- Review Price: £43.00
All-in-one machines may be the flavour of the year, but for some people a simple inkjet printer makes more sense, economically and in terms of space. Canon can cater for this market with a range of ink-jet printers, including the new PIXMA iP2500. At a price barely over £40, it’ll set you back no more than a good night out.
Continuing with Canon’s Japanese lacquer box design, the Pixma IP 2500 is cased in high-gloss, black plastic with silver flashes on its front vertical edges. Lift the back half of its top cover up and it forms a paper support for feeding plain or photo paper. As there’s no output paper tray in front of the machine this lands directly on the desk so you’ll have to keep your desk clear.
The only controls are power and form-feed buttons, both with integral indicator LEDs. At the back is a single socket for a mains connector – no external power blocks here – and a USB 2.0 socket at the side is the only data connection.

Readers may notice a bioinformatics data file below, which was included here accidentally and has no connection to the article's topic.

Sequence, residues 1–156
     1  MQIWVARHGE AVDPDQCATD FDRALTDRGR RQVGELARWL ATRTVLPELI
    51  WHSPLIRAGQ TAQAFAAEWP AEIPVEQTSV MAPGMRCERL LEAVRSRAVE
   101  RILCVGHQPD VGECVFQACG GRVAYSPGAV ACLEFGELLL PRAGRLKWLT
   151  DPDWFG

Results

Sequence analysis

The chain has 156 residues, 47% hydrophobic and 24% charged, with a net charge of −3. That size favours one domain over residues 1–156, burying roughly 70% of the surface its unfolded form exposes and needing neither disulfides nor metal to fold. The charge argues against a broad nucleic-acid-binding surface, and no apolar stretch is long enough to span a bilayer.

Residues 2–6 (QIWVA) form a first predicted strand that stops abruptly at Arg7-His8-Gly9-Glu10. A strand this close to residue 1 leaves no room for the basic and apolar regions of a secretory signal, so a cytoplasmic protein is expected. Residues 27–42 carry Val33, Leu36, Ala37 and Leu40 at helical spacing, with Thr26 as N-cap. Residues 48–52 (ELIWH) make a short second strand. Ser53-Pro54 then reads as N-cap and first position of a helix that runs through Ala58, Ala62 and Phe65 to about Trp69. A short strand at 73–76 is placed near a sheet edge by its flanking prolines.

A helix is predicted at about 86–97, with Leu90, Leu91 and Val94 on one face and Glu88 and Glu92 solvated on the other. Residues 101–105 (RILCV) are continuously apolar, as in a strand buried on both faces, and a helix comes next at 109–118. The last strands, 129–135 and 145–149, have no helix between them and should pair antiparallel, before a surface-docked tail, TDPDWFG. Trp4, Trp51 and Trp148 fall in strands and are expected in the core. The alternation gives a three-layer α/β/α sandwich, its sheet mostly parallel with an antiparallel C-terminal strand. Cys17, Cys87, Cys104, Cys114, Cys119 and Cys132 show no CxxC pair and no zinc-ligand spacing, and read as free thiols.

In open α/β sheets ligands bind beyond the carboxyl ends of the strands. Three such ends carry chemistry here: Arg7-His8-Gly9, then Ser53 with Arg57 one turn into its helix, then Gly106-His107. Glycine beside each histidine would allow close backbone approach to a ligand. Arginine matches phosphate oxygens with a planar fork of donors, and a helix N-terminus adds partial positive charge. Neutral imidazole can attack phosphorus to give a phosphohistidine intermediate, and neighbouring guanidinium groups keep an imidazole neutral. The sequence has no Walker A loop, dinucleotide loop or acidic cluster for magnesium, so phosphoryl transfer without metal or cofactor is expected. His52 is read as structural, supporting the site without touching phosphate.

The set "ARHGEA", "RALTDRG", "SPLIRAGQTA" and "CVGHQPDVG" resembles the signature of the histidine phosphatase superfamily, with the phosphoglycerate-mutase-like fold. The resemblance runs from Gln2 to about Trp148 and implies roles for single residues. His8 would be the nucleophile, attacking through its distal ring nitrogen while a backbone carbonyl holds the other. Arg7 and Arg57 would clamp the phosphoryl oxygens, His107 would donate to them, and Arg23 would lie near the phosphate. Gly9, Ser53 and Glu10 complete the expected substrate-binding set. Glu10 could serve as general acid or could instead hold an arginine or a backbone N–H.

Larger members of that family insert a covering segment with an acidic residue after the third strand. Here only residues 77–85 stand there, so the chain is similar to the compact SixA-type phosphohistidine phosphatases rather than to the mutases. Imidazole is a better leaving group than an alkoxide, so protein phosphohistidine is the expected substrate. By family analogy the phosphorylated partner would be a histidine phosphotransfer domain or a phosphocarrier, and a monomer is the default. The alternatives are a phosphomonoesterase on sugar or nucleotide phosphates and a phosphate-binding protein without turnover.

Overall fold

The whole of the front and top cover hinges up to reveal a simple design internally, with holders for two print cartridges. Unusually for Canon, the cartridges have integral heads, more like HP or Lexmark designs, and a simple slide in and click up installation of the black and tri-colour consumables is the only physical installation required.
Despite the integral ink and head design, the PIXMA iP2500 appears to do a lot of ink charging and often interrupts printing for an extra bit of pumping. The software installation includes Canon’s Easy-PhotoPrint utility, which helps organise and print photos, along with the less well known Easy-LayoutPrint. This second utility can print calendars, stickers and predefined layouts, though the range of layouts is small. Finally, there’s Easy-PrintToolBox, which brings together the other two applications.
Canon doesn’t claim any great speeds of this printer, listing 13.3ppm and 7.8ppm as the top speeds in standard mode for black and colour printing, respectively. Even so, they are still ambitious figures, as it took 55 seconds to print our five-page text document, which equates to under 6ppm.
The text and colour graphics pages took 1 minute 48 seconds, which works out at 2.8ppm, so in both cases print speeds were less than half the published figures. However, in the home market, for which this printer is intended, even these real world speeds are not too embarrassing. Most people will be able to live with the throughput of this machine.
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